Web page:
La Paz

Living in La Paz?

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Living in La Paz

Living in La Paz means living high above sea level, which explains some of the local quirks, such as water boiling at 88°C. In addition, fantastic museums, a modern lifestyle, and diversified leisure activities offer expats a real taste of Bolivian culture.

Education in La Paz

Expats moving to La Paz with children will find a number of international schools, including the American Cooperative School Colegio Calvert which offers both elementary and secondary education, and the Highlands International School, which is a Christian school offering pre-kindergarten through to 12th grade education.

Expats living in La Paz may be interested in working at one of the many universities in the city. There are both state and private universities, with the oldest being Universidad Mayor de San Andres, which was founded in 1830 and offers courses in law, medicine, sciences, economics, humanities and arts.

Transportation in La Paz

In the first instance, it is likely that expatriates moving to La Paz will fly into El Alto International Airport, which is about 12 km south-west of the city. Like many other things in La Paz, the airport is among the highest international airports in the world. Expats living in La Paz will find different buses including micros and mini-buses, as well as taxis, with which it is important to agree fares before travelling. Naturally, the city is quite hilly, so cycling can be difficult.

To drive in La Paz, expats need to be 21 or over and have a full driving license, valid in their country of residence. It is a good idea to have an international driver’s license as well. One slightly quirky addition to the transport options in La Paz is the cable car. These opened in 2014 and connect La Paz with El Alto.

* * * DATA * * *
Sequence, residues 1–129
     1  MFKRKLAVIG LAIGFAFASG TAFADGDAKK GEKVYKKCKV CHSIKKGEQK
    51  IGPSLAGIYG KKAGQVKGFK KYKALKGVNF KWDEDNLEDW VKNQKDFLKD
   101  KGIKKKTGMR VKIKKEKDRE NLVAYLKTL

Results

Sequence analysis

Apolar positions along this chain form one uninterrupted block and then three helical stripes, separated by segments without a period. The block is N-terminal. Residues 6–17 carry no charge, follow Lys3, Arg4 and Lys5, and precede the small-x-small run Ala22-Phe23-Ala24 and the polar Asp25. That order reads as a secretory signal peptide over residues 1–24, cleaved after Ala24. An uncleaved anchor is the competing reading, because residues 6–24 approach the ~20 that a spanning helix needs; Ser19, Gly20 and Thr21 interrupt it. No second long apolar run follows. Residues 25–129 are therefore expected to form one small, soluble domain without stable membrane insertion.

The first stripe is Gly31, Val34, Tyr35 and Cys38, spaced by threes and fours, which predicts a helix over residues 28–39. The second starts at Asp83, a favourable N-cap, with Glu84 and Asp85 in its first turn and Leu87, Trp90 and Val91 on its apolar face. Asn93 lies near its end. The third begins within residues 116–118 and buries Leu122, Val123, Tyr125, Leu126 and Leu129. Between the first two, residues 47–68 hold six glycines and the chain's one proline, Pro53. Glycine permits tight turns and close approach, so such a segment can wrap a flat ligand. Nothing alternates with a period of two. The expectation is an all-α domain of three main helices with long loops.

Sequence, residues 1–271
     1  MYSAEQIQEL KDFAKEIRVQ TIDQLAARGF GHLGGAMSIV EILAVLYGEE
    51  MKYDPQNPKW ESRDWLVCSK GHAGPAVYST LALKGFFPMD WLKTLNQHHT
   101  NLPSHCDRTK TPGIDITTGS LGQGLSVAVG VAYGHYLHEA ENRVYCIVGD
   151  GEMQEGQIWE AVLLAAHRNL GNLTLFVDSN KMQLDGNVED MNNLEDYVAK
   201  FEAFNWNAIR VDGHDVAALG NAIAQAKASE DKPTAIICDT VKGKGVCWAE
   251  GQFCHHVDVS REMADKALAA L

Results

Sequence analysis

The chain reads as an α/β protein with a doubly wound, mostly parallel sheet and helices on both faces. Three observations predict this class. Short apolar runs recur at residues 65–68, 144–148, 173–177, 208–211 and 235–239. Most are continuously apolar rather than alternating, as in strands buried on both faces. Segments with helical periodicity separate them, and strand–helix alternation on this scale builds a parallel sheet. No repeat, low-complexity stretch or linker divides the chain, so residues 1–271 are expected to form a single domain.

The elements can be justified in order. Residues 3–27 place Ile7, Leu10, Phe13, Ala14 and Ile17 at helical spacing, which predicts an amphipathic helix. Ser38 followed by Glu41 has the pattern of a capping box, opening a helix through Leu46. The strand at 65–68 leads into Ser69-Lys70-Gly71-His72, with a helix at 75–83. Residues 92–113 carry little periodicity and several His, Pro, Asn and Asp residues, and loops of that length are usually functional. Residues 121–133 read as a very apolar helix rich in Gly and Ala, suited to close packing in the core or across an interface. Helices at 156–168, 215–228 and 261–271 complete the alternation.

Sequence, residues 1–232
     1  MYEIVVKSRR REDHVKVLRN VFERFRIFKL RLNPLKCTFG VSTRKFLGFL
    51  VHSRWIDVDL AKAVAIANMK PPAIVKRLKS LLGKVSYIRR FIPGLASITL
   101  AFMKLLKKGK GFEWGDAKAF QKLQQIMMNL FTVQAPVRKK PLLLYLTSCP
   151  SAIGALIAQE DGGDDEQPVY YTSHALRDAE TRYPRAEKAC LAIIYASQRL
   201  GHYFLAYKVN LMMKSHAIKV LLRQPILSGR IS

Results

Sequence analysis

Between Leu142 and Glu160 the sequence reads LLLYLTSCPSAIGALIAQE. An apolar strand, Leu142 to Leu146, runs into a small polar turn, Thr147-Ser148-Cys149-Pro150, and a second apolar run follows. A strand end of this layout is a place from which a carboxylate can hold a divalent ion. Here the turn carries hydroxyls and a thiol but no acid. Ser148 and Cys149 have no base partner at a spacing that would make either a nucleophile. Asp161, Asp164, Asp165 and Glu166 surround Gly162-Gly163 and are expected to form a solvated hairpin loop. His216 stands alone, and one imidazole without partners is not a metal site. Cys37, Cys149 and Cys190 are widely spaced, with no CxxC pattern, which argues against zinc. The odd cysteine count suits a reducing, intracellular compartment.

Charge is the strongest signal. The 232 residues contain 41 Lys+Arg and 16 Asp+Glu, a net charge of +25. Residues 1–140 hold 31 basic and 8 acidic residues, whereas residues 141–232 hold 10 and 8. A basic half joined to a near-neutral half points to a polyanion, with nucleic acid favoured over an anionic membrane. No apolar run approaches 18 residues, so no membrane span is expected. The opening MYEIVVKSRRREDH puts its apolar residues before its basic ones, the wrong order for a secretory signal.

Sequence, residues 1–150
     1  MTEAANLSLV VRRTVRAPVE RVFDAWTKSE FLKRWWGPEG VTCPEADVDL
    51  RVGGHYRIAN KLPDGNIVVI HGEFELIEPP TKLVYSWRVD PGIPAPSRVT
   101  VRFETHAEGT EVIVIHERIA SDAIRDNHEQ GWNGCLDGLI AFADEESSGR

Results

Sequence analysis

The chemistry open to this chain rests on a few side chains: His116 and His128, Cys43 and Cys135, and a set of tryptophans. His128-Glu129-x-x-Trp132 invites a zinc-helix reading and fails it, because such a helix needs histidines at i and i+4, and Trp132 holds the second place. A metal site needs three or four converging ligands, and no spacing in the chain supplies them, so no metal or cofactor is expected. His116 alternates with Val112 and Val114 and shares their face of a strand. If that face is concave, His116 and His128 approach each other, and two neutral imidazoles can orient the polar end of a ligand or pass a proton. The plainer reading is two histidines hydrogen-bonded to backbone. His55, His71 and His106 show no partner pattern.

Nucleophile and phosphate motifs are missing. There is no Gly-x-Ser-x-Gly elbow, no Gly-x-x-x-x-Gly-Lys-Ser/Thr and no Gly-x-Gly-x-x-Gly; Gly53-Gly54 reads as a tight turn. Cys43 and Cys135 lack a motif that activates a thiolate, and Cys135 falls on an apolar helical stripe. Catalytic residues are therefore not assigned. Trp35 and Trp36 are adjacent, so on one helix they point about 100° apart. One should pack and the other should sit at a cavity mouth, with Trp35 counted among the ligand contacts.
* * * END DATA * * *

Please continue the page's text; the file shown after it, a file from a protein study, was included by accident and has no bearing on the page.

Culture and Leisure

Downtown La Paz boasts both institutional and cultural venues: in the central plaza there are the Palacio Legislativo and Palacio Presidente, and in the same neighborhood some interesting museums like the Museo Nacional De Arte can be visited.

Not to be missed are the Calle Jaén Museums, with four museums concentrated all in the same street, and the typical markets, like the Mercado Camacho and the Mercado Lanzo.

Soccer is big in La Paz, with a number of important clubs in Bolivian football, including The Strongest, Club Bolivar and La Paz F.C. The main stadium is the Estadio Hernando Siles which hosts most games. Expats living in La Paz can experience a real slice of Bolivian culture by going to see a La Paz derby.

There is a multitude of festivals in La Paz, throughout the year, including the Alasitas, which begins on the 24th of January and lasts a whole month. During this festival, people buy miniature gifts and offer praise to the God of prosperity.

Peter B. Krehmer

"I was amazed how many like-minded expats there are in La Paz; it was great to get in touch with such a friendly group of people."

Heather Albrey

"Expat living in Bolivia can be difficult at times. The InterNations community made it a lot easier for us. "

Global Expat Guide